Short Sale Tax Implications

This article will cover Short Sale Tax Implications, Short Sale Negotiation, The Mortgage Forgiveness Debt Relief Act 2019, Interview Questions for Real Estate Salesperson, Short Sale Contingency Addendum etc . keep reading to have indepth idea about short sale.

Short Sale Tax Implications

Call me a teacher (I have an education degree), call me a dad, a husband, a sports fanatic, or a real estate agent if you like: one thing you can‟t accuse me of is being a tax professional. That said, I am legally prohibited from giving out tax advice.

If you have any concerns about the tax consequences of a short sale, I urge you to seek the advice of your accountant or attorney. I decided to include this chapter in the book because of the very real possibility of a change in how the IRS treats the debt forgiven in a short sale.

This will have a significant impact on your taxes, and it‟s out there, looming on the horizon. If you are considering a short sale, you need to act quickly.

The Mortgage Forgiveness Debt Relief Act of 2019

Once upon a time, when a homeowner had his mortgage debt forgiven in a short sale, the IRS taxed him on the amount forgiven. For instance, if he owed his lender $350,000 but the short sale only resulted in $210,000, the IRS considered the $140,000 that the lender forgave as “ordinary income” and the homeowner would have been taxed on it.

Now, I don‟t know about you, but the tax ramifications of an additional $140,000 to my income would be quite painful. Then, in December 2007, President George W. Bush explained, “When your home is losing value and your family is under financial stress, the last thing you need is to be hit with higher taxes.

So I’m working with members of both parties to pass a bill that will protect homeowners from having to pay taxes on cancelled mortgage debt.” President Bush was successful and, in December 2007, he signed The Mortgage Forgiveness Debt Relief Act. Underwater homeowners now had a three-year window in which to expect tax relief on distressed property transactions.

In October 2008, congress enacted legislation to extend the tax relief through 2012.Some members of Congress have been pushing for another extension (H.R. 4290, the Homeowner Tax Fairness Act, and S. 2250, the Mortgage Forgiveness Tax Relief Act). Since the government seems to be looking in every nook and cranny of this country for additional revenue, I wouldn‟t count on any extensions.

In fact, GovTrack.us, a website that keeps track of pending legislation, gives the House legislation a 3 percent chance of passing and an 18 percent chance for the Senate bill.

The Insolvency Exception

Prior to the 2007 passage of the Mortgage Forgiveness Debt Relief Act, the IRS included certain exceptions to their rules on taxing forgiven debt. One of these was the socalled insolvency exception, wherein the IRS said that the debt won‟t be considered gross income if the “discharge occurs when the taxpayer is insolvent.”

What do they mean by insolvent? Here‟s the answer: according to IRS Code Section 108, the term “insolvent” means “the excess of liabilities over the fair market value of assets. With respect to any discharge, whether or not the taxpayer is insolvent, and the amount by which the taxpayer is insolvent, shall be determined on the basis of the taxpayer‟s assets and liabilities immediately before the discharge.”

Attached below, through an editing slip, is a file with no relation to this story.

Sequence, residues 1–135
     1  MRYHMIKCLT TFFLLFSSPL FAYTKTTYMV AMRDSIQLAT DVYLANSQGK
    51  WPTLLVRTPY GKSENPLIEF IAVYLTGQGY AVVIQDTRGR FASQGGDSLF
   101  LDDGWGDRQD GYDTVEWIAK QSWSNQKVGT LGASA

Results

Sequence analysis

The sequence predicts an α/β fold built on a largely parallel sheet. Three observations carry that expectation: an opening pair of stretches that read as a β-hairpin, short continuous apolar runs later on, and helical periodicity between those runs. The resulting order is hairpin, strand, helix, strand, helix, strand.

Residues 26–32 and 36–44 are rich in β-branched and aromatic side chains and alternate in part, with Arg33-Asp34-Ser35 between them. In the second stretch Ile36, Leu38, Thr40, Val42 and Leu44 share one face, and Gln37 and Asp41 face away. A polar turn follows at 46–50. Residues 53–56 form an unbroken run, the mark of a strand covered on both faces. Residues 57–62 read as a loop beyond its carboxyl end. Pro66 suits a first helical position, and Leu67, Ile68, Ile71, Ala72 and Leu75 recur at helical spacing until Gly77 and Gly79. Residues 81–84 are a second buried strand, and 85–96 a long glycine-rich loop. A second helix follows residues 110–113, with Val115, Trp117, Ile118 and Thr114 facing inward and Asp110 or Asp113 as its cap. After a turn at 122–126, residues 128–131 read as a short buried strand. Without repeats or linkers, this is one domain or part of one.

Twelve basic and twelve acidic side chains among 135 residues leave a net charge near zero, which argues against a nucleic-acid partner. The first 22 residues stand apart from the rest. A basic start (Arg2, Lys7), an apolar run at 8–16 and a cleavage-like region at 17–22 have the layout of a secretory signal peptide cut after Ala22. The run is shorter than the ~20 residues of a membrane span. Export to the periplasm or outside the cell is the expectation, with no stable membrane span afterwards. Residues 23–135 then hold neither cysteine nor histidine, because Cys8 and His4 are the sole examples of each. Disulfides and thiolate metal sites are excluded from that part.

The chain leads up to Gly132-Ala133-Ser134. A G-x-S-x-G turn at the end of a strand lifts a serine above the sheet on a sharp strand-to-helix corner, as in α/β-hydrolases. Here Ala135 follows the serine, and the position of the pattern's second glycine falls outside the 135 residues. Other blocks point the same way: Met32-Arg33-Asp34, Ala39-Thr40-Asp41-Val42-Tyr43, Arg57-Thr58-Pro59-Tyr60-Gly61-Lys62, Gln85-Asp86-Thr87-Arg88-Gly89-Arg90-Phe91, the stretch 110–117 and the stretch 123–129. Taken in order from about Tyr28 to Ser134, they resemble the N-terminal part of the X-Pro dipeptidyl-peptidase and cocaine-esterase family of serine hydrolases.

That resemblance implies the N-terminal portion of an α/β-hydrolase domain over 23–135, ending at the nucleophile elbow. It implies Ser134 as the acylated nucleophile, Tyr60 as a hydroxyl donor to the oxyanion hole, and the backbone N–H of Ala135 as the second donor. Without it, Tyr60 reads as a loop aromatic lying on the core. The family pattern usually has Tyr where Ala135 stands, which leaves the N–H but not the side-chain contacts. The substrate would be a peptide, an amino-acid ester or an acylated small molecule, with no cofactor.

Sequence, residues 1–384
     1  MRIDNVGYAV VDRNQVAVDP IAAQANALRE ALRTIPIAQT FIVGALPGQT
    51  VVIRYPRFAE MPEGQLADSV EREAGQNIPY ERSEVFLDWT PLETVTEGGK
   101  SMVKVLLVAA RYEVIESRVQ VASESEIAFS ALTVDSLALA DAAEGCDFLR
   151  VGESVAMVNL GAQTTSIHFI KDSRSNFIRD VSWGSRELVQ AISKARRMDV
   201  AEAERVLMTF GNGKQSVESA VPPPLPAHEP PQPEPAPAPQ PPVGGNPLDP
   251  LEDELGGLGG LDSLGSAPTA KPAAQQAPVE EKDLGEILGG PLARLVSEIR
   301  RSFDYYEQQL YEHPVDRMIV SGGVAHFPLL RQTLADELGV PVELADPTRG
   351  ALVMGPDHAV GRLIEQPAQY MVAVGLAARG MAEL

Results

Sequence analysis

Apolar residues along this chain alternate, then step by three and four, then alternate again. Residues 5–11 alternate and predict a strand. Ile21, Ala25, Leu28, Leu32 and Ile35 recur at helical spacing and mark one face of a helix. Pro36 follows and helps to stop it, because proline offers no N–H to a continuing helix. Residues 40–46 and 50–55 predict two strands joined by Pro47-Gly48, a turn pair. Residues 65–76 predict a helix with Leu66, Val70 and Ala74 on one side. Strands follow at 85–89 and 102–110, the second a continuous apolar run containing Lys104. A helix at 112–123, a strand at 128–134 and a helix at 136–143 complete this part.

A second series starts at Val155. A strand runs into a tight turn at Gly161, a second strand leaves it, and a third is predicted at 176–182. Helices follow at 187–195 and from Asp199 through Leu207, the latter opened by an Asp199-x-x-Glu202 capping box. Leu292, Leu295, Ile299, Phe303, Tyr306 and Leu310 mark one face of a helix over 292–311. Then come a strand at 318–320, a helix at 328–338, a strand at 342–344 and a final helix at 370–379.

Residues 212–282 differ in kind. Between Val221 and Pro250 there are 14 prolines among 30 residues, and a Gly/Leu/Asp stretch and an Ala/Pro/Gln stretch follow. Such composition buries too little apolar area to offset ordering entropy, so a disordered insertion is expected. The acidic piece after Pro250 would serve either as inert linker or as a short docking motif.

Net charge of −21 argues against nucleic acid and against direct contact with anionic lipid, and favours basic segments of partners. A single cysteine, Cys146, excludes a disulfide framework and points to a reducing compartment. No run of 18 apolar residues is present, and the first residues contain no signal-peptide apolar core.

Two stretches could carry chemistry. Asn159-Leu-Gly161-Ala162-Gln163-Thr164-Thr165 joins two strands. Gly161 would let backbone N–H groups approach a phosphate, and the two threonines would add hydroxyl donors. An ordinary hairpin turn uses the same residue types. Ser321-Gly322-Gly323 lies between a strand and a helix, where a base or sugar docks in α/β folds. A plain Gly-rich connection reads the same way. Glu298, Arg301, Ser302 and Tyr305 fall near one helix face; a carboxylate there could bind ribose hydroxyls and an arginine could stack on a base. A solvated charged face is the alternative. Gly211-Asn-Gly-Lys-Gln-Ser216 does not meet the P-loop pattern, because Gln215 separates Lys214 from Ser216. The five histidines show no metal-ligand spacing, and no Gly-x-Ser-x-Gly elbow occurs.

The operative words there are “immediately before the discharge.” This means you must have been insolvent at the time the short sold home closes escrow – becoming insolvent afterward won‟t count. Again, I am not a tax professional, but I do know that determining insolvency is complex and requires the assistance of an accountant.

Should I Wait for the Market to Recover?

Short Sale Negotiation

Many struggling homeowners are sitting on the sidelines watching the real estate market closely, hoping that it improves quickly enough to allow them to perform an equity sale, and maybe even make a few dollars in the process.

If you‟re not in dire straits, meaning foreclosure isn‟t imminent, and (although it might be a struggle) you feel you can remain in your home, your question is: “Should I?” That depends on who you ask. Housing news over the past year has yielded a mixed bag of opinions and forecasts.

However, Although we‟re seeing pockets of improvement in home prices, most experts agree that it will take several years for prices to return to their prehousing market crash levels – enough for you to recoup some of the value you have lost.

As I mentioned, there is some disagreement as to when the housing market will fully recover. Let‟s take a look at the most recent MacroMarkets home price survey. This survey is based on the combined opinions of over 100 economists, housing market analysts, and investment strategists, and illustrates their expectations for 2012 and beyond.

As you can see, the experts predict an additional loss of 0.4 percent in values through 2012, and then a modest increase in 2013 and beyond. By 2016, the average American homeowner may realize only a 3.5 percent increase in home value. Just this one study alone shows me that it isn‟t worth it to sit on the home unless you plan on sitting on it until at least 2020. To further explain, let‟s look at two scenarios.

Homeowner A: